The minor scale has a different structure W H W W H W W than the major scale. So when we harmonize the minor scale it results in a different order of chord types.

The C minor scale for example is C D Eb F G Ab Bb C
Once again we harmonize by stacking thirds.
C to Eb is a minor third and Eb to G is a major third resulting in a chord
C Eb G Root, minor third, perfect fifth. This is a minor triad.

When we harmonize the second scale degree we get D to F which is a minor third and then F to Ab which is another minor third. This results in a chord D F Ab (root minor third diminished fifth) which is a diminished triad.

The Harmonic minor scale is nothing more than the practice of raising the seventh degree when we harmonize the fifth scale degree of the minor scale. Thus we harmonize our scale degrees as normal by stacking thirds along the minor scale
C D Eb F G Ab Bb C
but when we get tot he fifth scale degree (G) we start by raising the seventh scale degree(Bb) to a B temporarily so that we get G to B which is a major third and then stacking a third from B to D which give us a chord G B D which is a G Major.

Then when harmonizing the rest of the scale we change the B back to a Bb and harmonize Ab to get an Ab major chord and Bb to get Bb major chord.

The reason we temproarily raise the seventh degree when harmonizing the minor scale is so that we get that major chord built off the fifth scale degree. The leading tone (B) is very strong in leading into the C tonic and this change make the resolution from the fifth scale degree to the tonic chord much stronger.

This is such a popular practice that the minor scale with the major seventh is called the HARMONIC MINOR scale (note that the scale is nothing more than a temporary alteration to the natural minor scale when HARMONIZING the scale).

So the restults of harmonizing the minor scale become
minor diminished Major minor Major* Major Major

if we stick solely to the natural minor scale then the chord built off the fifth degree will be minor in quality.
minor diminished Major minor minor Major Major

But in practice it is almost always Major - particularly when it is being used to lead back to the tonic chord.

When playing melodies over this changed chord we have to adjust our note choice slightly to accomodate. So instead of using the Bb which is natural to the minor scale because the chord we would be playing over would have a B in it then it would cause a clash with the Bb so we change our melody note to a B as well. But this creates a big jump between the Ab up to the B. When playing an ascending run for example we would have G to Ab ( a half step) Ab to B (three half steps) B to C (a half step) this causes a disjointed melodic run so to smooth it out we raise the Ab to A as well as the Bb to B.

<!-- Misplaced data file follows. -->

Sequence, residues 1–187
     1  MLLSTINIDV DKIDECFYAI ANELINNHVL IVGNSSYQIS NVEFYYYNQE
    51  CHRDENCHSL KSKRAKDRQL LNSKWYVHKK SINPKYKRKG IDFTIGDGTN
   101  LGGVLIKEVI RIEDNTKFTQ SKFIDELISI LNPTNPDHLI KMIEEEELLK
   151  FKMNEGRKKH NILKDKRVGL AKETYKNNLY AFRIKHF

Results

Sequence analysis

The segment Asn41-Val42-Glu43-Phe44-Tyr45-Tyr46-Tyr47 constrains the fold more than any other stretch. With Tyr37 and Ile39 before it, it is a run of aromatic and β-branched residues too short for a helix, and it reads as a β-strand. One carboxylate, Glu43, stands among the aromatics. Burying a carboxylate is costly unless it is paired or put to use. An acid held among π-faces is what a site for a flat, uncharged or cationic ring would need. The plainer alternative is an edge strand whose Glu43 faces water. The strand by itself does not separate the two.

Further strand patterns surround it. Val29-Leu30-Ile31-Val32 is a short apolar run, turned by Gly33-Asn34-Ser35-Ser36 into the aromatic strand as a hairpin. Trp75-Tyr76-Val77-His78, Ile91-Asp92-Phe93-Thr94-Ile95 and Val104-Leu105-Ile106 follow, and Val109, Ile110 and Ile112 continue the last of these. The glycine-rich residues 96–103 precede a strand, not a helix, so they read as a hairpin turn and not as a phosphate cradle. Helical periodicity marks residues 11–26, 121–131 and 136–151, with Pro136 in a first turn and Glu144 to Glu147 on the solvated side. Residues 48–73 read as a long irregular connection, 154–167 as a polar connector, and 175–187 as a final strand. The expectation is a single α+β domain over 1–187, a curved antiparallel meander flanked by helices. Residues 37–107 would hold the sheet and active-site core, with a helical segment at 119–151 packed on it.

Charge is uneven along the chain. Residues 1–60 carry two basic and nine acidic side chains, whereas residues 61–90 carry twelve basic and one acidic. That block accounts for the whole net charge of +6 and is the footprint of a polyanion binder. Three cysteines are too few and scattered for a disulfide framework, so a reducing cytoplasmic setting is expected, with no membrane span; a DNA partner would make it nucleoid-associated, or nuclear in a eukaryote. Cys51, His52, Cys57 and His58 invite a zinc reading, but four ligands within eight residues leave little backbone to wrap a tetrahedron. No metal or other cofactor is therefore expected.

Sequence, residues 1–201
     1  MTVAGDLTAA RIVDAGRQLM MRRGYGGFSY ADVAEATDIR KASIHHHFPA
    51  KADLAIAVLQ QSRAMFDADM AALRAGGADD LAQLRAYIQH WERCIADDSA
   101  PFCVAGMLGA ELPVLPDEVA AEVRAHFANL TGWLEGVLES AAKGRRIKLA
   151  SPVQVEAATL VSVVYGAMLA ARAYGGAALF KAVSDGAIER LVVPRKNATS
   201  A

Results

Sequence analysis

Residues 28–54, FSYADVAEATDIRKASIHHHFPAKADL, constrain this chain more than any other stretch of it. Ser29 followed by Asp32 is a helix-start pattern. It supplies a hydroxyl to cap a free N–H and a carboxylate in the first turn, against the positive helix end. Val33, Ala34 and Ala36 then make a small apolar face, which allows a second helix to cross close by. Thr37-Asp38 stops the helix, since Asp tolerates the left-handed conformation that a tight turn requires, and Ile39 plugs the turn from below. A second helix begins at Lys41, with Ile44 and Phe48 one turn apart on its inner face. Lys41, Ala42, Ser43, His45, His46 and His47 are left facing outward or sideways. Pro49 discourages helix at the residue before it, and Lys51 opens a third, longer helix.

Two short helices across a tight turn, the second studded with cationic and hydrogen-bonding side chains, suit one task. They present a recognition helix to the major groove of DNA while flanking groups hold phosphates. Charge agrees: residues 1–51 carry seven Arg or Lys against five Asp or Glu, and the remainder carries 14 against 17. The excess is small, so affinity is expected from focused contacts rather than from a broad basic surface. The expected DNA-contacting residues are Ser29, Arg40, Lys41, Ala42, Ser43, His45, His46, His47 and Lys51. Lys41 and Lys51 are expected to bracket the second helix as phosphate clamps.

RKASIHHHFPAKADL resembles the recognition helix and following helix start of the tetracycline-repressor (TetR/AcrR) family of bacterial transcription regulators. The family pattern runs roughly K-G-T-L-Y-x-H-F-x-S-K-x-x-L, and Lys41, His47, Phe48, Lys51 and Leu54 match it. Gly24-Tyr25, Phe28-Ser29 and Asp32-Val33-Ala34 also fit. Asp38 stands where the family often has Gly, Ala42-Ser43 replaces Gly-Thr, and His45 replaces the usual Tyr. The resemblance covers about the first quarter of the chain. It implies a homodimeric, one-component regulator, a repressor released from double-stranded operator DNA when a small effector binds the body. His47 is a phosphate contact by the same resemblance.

Note that we are only making these changes to the minor scale to make a nice melodic run as we are playing over that Major chord built off the fifth scale degree as it has the altered B from the harmonic minor scale. This change in the two melodic notes for this purpose also became very popular and was called the Melodic minor scale.

So you end up with three minor scales

The natural minor scale
1 2 b3 4 5 b6 b7 8 (in C = C D Eb F G Ab Bb C)

The harmonic minor scale
1 2 b3 4 5 b6 7 8 (in C = C D Eb F G Ab B C) (exactly the same as the natural minor scale with a major seventh instead of a minor seventh. Traditionally used to make the chord harmonized from the fifth scale degree a major chord instead of a minor chord)

The melodic minor scale
1 2 b3 4 5 6 7 8 (in C = C D Eb F G A B C) (exactly the same as the natural minor scale with the major sixth and major seventh. Used to create smooth melodic runs over the major 5 chord that results from the Harmonic minor scale)

Although these are presented as three distinct scales they are actually all the SAME scale - the minor scale. Think of the minor scale as having some flexible rungs on the sixth and seventh degrees that change depending on specific circumstances.

Of course as with many things in modern inerpretation the three minor scales are often conceived of as three individually distinct scales that can each be harmonized and used completely as it's own unique scale from which various harmonic and melodic ideas are formed.

Anyway I am sure that by now I have so poorly explained far too much information for you that you must surely be more confused than when you started. So I apologize if that is the case. It's late. I'm tired and you deserve better really but I'm gonna hit the post button anyway because I didn't stay up an extra 20 minutes writing something I'm not going to post. :P

Peace
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Old 01-09-2013, 10:57 AM   #6
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because i said so
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Old 01-09-2013, 11:31 AM   #7
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come up long then
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Old 01-09-2013, 11:44 AM   #8